Jay and Silent Bob Reboot (2019, dir. Kevin Smith)

Jay and Silent Bob take another road trip to Hollywood to stop a remake of a movie about their lives being completed. Sequel/reprise of 2001’s … Strike Back, with more cameos, callouts to other Askewniverse movies, and to fan culture more generally. Fans only, inevitably, but there’s some heart and a couple of decent jokes and neat obscurities among the references.

The Man Who Killed Hitler And Then The Bigfoot (2018, dir. Robert D. Krzykowski)

The man who killed Hitler is called upon in old age to track down Bigfoot. Defiantly quirky comedy-drama with horror elements, held together by Sam Elliott’s deadpan central performance and by a sense of confidence throughout. Inevitably not for all, but if you go with it there’s plenty to enjoy.

Mary Poppins Returns (2018, dir. Rob Marshall)

A generation after the events of Mary Poppins, the magical nanny returns to the Banks family, this time to help them save their home. Despite care and affection for the original, this is a reprise rather than a sequel. Emily Blunt lacks the lightness of touch of Julie Andrews, and the songs tend to the unmemorable.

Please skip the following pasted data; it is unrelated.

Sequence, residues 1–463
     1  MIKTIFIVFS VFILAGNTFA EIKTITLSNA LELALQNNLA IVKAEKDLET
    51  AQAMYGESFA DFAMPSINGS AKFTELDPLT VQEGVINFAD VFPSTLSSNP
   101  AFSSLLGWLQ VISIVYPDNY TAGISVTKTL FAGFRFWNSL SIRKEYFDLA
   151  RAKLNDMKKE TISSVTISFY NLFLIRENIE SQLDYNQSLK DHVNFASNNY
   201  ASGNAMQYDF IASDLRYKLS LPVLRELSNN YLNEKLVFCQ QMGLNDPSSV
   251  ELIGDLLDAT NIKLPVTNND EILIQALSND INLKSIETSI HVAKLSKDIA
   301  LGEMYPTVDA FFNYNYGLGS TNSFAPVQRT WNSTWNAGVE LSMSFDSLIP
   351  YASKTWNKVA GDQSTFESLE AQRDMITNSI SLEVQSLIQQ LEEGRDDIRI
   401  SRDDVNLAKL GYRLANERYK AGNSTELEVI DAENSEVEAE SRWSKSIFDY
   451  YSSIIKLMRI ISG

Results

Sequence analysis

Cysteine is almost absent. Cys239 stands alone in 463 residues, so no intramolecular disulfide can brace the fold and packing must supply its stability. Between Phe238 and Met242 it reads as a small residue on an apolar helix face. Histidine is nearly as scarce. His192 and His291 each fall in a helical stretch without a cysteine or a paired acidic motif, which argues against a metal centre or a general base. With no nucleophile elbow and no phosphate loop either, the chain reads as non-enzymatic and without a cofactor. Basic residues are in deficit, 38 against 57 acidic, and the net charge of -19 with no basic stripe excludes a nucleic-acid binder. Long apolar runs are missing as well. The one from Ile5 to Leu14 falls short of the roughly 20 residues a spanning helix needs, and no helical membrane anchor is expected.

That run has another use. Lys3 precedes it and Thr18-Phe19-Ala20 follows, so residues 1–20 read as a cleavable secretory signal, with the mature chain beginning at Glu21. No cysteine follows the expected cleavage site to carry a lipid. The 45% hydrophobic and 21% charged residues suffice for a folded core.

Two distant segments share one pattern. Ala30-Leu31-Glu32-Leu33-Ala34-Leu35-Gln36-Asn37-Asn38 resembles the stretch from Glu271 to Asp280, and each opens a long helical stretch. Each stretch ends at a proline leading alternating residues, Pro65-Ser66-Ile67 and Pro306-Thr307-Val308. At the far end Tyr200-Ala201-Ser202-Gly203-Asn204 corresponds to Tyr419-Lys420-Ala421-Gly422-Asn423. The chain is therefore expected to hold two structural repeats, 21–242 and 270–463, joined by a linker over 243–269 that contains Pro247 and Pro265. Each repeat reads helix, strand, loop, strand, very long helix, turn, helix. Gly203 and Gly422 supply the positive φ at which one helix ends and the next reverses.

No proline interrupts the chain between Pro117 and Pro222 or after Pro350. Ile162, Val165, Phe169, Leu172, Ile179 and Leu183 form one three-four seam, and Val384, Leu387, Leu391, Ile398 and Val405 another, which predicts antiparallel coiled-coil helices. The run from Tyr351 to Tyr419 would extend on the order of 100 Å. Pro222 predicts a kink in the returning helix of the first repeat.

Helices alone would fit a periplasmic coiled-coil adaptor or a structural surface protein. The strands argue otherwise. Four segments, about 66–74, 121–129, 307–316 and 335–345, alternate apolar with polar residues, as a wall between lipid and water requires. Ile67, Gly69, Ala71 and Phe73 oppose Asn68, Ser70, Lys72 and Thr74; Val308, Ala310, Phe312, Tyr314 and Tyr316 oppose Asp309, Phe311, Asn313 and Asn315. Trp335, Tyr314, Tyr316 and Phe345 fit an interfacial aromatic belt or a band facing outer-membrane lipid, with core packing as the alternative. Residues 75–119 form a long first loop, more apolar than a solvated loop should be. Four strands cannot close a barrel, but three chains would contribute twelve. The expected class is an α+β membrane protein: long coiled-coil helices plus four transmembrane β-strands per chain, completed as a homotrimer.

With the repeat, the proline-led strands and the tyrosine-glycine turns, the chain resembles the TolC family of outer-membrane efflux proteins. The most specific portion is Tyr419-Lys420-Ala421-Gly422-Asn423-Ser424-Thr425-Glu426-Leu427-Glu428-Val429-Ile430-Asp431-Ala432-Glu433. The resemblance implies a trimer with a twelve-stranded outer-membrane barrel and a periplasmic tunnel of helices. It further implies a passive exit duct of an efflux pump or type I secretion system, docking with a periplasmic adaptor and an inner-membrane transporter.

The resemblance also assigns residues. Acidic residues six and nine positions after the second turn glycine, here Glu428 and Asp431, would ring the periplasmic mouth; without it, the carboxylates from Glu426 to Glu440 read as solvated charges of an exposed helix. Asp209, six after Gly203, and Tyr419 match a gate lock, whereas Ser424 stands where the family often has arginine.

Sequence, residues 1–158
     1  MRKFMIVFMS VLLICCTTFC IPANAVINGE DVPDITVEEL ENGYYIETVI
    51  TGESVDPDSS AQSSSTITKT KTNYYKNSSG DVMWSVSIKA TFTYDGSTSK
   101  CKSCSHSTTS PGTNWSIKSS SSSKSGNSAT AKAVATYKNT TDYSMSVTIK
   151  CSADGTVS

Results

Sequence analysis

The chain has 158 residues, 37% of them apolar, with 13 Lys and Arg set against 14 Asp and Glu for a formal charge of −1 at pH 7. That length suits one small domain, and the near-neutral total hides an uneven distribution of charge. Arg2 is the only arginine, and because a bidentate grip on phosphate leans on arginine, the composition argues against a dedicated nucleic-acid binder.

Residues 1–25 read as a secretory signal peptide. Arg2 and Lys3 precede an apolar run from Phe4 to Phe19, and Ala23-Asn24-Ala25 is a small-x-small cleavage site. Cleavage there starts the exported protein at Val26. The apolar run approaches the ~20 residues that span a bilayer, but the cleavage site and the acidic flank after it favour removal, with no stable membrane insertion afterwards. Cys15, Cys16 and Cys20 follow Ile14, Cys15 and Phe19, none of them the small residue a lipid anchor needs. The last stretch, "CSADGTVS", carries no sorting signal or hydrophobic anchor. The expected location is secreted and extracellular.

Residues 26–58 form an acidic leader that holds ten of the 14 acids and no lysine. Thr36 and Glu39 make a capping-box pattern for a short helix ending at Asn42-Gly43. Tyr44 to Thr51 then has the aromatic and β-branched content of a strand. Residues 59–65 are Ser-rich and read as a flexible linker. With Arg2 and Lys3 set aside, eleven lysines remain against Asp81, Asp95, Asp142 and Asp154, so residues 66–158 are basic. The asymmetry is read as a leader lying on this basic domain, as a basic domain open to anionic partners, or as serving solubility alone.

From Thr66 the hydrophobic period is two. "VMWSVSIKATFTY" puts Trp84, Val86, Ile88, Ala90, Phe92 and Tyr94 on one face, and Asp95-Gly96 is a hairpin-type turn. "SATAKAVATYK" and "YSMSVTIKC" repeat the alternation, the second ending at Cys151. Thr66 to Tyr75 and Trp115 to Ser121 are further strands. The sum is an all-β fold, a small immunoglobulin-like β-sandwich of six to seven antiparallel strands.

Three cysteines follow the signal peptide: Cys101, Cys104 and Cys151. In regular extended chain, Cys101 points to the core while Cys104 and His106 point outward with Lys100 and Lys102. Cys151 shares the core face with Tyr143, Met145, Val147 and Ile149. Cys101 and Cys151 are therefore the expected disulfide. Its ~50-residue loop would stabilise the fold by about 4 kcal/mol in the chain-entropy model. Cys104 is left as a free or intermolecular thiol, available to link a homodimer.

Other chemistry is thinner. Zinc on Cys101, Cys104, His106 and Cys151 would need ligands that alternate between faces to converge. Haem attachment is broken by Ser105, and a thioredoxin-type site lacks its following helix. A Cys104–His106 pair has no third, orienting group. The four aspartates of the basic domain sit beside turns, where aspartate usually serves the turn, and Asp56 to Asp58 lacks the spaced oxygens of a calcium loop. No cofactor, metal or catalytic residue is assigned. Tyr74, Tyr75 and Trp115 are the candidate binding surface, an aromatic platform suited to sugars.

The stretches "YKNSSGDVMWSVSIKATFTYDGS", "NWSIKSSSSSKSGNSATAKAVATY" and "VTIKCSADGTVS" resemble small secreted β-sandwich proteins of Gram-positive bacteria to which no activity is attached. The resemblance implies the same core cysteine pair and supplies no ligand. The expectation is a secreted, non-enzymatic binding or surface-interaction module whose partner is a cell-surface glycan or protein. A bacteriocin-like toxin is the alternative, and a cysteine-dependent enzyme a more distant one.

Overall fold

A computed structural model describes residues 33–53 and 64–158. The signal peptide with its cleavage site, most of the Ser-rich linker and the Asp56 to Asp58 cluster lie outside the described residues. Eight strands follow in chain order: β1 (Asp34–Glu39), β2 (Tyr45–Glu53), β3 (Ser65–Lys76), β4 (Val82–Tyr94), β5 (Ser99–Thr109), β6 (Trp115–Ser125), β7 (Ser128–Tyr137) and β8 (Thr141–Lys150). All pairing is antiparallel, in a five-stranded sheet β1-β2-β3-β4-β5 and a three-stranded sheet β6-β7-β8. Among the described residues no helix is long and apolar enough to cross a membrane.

Mary Poppins (1964, dir. Robert Stevenson)

In Edwardian London, a magical nanny aids a family in need. Solid musical comedy with then state-of-the-art animation/live-action hybrid sequences and practical effects. Some great songs, a sense of playfulness, and an iconic central performance. A sequel was made in 2018.

Arthur Christmas (2011, dir. Sarah Smith)

Santa’s awkward younger son has to deliver an overlooked gift so that Christmas can be saved. Excellent, quirky and gently-subversive animation with heart and brains, delivering slapstick, pathos and some flashes of dark humour. Lots to enjoy, including shout-outs to other Aardman characters.

Booksmart (2019, dir. Olivia Wilde)

Awkward best friends decide to let go of their insecurities the night before their high school graduation. Splendid and funny reworking of well-trampled material; a coming-of-age / rite-of-passage / night-from-hell story done right, and both played and directed with a keen sense of the subgenres. Recommended.

6 Underground (2019, dir. Michael Bay)

A tech billionaire finances a vigilante squad dedicated to removing threats to global peace. Well-made fun-but-dumb action-comedy playing to the director’s trademark obsessions and strengths in mashing up Michael Mann and Tony Scott. An auteurist work; spectacular in both the Debordian and the blowing-shit-up-good senses.